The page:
Malaysia Boleh! Locations & Outlets
Malaysia Boleh! features famous Malaysia dishes from the north to the south – prawn noodles soup from Penang, claypot rice from Johor Bahru and Bak Kut Teh from Klang.
One of the main draw of Malaysia Boleh! is that their food is prepared from secret recipes of famous Malaysian street hawkers. These hawkers have at least 20 years of experience and have been carefully selected by the Fei Siong Group to be sold under the brand. There is a range of around 20 stalls and pushcarts at each Malaysia Boleh! outlet, all done up in a vintage style. The interior walls are painstakingly decorated to look like the facade of a row of old shop houses. Once inside Malaysia Boleh!, you can feel the nostalgic street-like ambience reminiscent of the 1960s.
Malaysia Boleh! has two sister brands – Malaysia Chiak! and Boleh Boleh!. The former is a scaled-down version with lesser stalls and menu items, while the latter offers a halal-certified menu.
The following is the list of Malaysia Boleh! food courts in Singapore (as of Nov 2021):
- AMK Hub – (Ang Mo Kio) 53 Ang Mo Kio Avenue 3, #B2-41/42, Singapore 569933
- Jurong Point – (Boon Lay) 1 Jurong West Central 2, #03 – 28, Singapore 648886
Malaysia Boleh! Menu
Below are its menu items and prices:
- Claypot Rice – $5.50
- KL Hokkien Mee – $5.00
- Fried Oyster 蚝煎 – $4.50
- Prawn Mee Soup – (Regular) $4.50 / (Large) $5.50
- Wanton Mee – $4.50
- Assam Laksa – $4.50
- Chili Ban Mian – $4.20
- Chicken Rice – $3.80
- Nasi Lemak with Chicken Wing Set – $3.80
- Fried Carrot Cake (Char Koay Kak 炒粿角) – (Regular) $3.00 / (Large) $4.00
- Soya Bean Water – (Large) $1.60
The following items are only available at AMK Hub outlet:
- Rojak – (Regular) $3.50 / (Large) $4.50
- Popiah – $2.50
- Chendol Chendol – $2.00
- Mata-Kuching Water – (Large) $2.00
- Apom (4 pcs) – $2.00
- Pulut Hitam – $1.80
- Barley Fu Chok – $1.80
- Green Bean Soup – $1.20
- Red Bean Soup – $1.20
Malaysia Boleh! Review (AMK Hub)
Malaysia Boleh! is located on Basement 1 of AMK Hub, next to the entrance of NTUC Fairprice Xtra. The food court includes has a dining area that is estimated to accommodate around 100 diners.
We visited the food court on a Saturday afternoon around 4pm but the dining area was surprisingly full. As such, we decided to order take-aways for a Fried Carrot Cake ($3.00), and a 4 pieces Apom ($2.00). We did not order more as we have already tried their Popiah, Chendol, Claypot Rice and Prawn Mee Soup at Malaysia Chiak! previously.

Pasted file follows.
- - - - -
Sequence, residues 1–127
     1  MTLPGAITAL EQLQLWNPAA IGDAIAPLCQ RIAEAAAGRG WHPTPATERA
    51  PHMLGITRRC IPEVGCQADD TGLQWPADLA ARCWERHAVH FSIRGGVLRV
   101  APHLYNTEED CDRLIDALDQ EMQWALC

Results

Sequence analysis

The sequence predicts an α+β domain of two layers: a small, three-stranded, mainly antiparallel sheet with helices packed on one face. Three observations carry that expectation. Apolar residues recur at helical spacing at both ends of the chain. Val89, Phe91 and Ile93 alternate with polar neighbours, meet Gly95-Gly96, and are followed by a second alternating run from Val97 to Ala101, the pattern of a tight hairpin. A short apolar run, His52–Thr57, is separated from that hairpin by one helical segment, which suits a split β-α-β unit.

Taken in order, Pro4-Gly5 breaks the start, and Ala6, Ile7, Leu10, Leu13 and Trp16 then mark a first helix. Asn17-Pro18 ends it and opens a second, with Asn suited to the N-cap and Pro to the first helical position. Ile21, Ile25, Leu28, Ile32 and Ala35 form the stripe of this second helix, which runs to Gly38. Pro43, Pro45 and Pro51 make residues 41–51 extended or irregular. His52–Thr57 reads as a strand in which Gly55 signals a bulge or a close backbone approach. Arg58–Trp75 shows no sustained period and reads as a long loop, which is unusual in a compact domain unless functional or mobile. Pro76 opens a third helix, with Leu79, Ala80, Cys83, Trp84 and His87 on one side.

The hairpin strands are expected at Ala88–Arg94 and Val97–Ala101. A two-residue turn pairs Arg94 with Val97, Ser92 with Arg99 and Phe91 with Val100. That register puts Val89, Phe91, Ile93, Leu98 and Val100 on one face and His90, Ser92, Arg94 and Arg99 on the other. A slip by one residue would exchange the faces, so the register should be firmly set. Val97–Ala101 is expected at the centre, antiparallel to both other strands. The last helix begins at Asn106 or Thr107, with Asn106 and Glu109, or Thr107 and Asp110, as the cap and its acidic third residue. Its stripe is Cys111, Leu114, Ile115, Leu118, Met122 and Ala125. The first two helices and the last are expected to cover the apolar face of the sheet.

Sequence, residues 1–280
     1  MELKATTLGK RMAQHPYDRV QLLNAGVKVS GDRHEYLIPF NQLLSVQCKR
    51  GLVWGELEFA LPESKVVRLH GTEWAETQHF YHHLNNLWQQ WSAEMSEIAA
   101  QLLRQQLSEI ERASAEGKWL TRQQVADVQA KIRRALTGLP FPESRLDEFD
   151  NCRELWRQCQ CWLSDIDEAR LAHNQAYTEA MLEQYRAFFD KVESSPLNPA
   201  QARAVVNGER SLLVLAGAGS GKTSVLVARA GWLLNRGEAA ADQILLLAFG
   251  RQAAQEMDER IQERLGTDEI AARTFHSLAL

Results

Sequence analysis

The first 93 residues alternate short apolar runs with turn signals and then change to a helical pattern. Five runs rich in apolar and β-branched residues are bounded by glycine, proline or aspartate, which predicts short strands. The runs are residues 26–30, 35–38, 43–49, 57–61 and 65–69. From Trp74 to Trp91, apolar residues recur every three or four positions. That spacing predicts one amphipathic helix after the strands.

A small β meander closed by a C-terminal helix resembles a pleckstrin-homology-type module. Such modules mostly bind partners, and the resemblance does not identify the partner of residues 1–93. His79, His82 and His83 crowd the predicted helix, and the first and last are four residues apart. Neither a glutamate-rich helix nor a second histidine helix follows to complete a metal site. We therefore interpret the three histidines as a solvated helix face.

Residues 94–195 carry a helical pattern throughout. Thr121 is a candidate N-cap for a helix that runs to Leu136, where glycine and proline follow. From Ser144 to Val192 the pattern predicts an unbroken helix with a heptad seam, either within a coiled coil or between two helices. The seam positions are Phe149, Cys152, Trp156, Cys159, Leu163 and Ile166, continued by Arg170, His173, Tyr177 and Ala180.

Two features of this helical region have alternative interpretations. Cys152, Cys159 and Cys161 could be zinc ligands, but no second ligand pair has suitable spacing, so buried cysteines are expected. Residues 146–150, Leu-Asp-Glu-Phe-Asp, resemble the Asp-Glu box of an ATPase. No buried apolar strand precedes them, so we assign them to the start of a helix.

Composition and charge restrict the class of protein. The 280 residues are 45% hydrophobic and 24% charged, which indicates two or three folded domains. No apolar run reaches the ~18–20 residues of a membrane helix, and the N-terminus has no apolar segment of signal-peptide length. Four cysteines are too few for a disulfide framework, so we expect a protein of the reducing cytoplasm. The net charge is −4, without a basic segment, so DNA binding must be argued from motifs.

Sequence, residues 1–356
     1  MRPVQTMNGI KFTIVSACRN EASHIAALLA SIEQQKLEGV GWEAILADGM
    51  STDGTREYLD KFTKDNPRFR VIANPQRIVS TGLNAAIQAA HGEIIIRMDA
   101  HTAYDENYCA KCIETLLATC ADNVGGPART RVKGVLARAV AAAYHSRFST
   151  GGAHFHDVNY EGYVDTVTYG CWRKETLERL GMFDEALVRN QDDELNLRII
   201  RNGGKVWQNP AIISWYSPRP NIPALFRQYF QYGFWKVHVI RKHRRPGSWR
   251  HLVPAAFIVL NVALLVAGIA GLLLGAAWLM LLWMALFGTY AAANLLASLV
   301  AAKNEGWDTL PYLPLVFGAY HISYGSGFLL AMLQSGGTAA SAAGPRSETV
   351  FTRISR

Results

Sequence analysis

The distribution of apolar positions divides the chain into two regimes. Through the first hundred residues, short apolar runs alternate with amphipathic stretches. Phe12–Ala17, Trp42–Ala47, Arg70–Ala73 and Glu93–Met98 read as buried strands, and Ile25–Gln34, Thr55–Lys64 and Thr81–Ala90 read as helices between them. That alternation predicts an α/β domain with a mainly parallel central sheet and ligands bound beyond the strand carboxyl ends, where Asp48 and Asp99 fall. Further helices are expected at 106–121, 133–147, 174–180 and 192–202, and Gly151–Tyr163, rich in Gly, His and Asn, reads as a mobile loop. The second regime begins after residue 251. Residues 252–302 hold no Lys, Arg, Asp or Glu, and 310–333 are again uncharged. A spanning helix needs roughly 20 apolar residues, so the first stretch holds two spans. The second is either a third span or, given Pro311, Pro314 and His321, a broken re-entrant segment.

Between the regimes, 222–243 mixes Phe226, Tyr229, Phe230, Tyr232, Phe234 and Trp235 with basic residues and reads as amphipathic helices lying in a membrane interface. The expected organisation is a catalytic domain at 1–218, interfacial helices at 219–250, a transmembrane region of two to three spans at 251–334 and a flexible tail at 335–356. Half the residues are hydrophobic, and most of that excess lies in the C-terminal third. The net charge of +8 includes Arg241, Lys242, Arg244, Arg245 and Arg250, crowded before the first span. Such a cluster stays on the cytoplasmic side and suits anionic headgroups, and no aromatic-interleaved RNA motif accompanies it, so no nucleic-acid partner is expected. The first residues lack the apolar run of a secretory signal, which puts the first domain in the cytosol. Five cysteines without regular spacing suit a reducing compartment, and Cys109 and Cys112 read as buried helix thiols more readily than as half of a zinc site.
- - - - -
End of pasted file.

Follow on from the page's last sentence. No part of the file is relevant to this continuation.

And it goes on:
The Fried Carrot Cake, known in Malaysia as Char Koay Kak 炒粿角 in Hokkien, was fried to order while the Apom was already premade and placed at the stall counter. It took about 5 minutes for our carrot cake to be ready. We took about 30 minutes to reach home and the carrot cake was still warm but the Apom was already cold. The carrot cake or Koay Kak has a strong fried and charred flavor like you would typically get with fried kway tiao. It resembles the taste of the Char Koay Kak we had from a hawker pushcart along Lorong Baru in Penang (New Lane Street Food Stalls). Different from Singaporean carrot cake, the Malaysia rendition uses less egg, has larger pieces of the carrot cake, and includes beansprouts as part of the ingredients.
The Apom was a disappointment and we do not recommend trying it. Its fillings include little bits of shredded coconut with a small teaspoon of paste (we are unsure what it is made of). Apom Balik in Malaysia is typically filled with corn and peanuts but they were not used in this case. A Singaporean Min Jiang Kueh from Jollibean beats it hands down.
In summary, we were happy with the main dish and the experience at its food court, except for the taste of the Apom. We give its dining environment and value-for-money a 4/5, their service a 3.5/5, and their food quality a 3.5/5.